Freshman Twins from Liberia Keen to Hear President Sirleaf

Gonzaga students Simon and Simeon Menso

September 28, 2015

SPOKANE, Wash. – Simon and Simeon Menso, identical twin freshmen at Gonzaga University who immigrated to the United States from Liberia at age 6, will be listening attentively to Liberian President Ellen Johnson Sirleaf when she delivers Gonzaga’s >sixth Presidential Speaker Series lecture at 7 p.m., Sunday (Oct. 4) at the McCarthey Athletic Center.

The nearly inseparable brothers, who will have the opportunity to meet President Sirleaf on Sunday, say the adversity they have experienced has inspired them to serve the less fortunate. Their parents immigrated to the United States near the start of the Second Liberian Civil War (1999-2003). The twins and their siblings lived with relatives in Liberia before the family could reunite in Aurora, Colorado in 2003.

The twins returned to Liberia two years ago in hopes of doing some service work while there, but the circumstances did not permit it. At Gonzaga, both are studying human physiology with different plans to help others.

Simon aims to attend law school after graduation and specialize in medical-related law to help people get the health care they deserve. His alternative career plan is to help educate people around the world on disease prevention. After he graduates, Simeon hopes to attend medical school and become a pediatrician; he’d like to participate in Doctors Without Borders, an international program that provides medical care to people in distress worldwide.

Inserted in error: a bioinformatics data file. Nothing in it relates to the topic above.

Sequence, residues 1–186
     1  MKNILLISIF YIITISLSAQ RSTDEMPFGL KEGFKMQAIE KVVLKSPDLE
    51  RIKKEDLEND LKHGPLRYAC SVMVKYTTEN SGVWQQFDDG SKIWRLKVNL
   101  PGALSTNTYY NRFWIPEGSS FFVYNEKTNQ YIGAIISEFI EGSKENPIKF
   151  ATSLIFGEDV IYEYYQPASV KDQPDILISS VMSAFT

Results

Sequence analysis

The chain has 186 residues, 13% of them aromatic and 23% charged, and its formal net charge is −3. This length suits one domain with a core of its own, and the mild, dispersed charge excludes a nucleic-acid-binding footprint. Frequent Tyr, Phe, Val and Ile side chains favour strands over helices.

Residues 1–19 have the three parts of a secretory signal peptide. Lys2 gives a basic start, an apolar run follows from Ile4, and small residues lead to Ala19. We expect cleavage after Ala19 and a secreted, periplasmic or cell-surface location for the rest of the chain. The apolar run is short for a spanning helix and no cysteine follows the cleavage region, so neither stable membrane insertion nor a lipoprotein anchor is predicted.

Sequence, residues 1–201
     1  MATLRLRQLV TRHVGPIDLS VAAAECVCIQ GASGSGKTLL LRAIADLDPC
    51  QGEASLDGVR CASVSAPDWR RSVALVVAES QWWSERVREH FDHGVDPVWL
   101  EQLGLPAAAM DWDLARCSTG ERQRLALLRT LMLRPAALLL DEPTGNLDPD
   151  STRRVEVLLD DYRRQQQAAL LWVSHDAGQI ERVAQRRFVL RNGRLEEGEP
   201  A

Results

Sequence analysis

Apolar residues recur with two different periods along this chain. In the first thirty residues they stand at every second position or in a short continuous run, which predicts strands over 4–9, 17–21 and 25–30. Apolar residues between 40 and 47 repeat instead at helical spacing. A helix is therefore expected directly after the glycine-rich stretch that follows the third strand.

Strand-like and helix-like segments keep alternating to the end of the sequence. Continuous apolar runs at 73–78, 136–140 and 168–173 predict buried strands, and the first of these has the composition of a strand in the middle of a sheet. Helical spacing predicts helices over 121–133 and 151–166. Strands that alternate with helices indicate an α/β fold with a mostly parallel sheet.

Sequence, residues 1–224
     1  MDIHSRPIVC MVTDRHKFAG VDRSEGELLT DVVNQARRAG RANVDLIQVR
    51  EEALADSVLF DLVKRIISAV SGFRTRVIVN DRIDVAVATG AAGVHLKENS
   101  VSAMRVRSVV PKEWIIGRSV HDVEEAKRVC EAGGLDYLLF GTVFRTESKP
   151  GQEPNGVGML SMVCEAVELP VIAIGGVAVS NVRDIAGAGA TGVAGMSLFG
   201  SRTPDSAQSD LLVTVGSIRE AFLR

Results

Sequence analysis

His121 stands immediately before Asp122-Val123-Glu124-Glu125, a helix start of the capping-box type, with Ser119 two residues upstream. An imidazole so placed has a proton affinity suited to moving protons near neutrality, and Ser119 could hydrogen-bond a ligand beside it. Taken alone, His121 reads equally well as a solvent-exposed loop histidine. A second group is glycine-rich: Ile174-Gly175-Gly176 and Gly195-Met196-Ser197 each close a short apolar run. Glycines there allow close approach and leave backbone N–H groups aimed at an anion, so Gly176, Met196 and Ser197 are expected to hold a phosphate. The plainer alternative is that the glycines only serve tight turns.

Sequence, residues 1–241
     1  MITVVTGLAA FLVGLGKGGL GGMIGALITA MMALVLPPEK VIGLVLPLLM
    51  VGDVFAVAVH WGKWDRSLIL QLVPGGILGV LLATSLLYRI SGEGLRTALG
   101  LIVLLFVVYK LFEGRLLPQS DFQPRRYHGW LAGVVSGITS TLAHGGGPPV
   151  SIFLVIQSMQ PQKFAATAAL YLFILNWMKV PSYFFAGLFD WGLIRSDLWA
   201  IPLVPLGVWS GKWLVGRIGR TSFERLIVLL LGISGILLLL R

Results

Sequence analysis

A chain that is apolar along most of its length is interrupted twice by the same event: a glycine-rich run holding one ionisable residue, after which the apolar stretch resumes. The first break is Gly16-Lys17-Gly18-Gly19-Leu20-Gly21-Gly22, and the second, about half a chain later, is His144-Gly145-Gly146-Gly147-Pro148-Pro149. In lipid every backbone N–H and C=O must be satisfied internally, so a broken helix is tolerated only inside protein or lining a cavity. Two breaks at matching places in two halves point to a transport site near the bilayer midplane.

“Moving to the United States has allowed us to gain a new perspective on just how important it is to serve our community, state, country and world,” says Simon. “Whichever career field we end up in the future, we just want to help and serve.”

They hope to one day create a nonprofit organization that will build more hospitals and schools for the children of Liberia.

“These young men have already shown a commitment to serve others, and have dedicated themselves to an educational path that will allow them to continue to improve their world, particularly the country of their birth,” says Julie McCulloh Gonzaga’s dean of admission. “I am very honored that they have chosen to make Gonzaga their home for the next four years.”

The young men are recipients of the Ignatius Leadership Scholarship and Community Scholar Awards. They chose to attend Gonzaga for its strong sense of community, caring staff and students and the men’s and women’s basketball teams. At Gonzaga they plan to participate in intramural sports, and volunteer through the Gonzaga Center for Community Action and Service-Learning. In addition, they’re excited to join the Kennel Club.

“We are super excited to be taking the next journey in our lives together once again,” says Simon. “We are each other’s biggest support system and each other’s biggest competition.”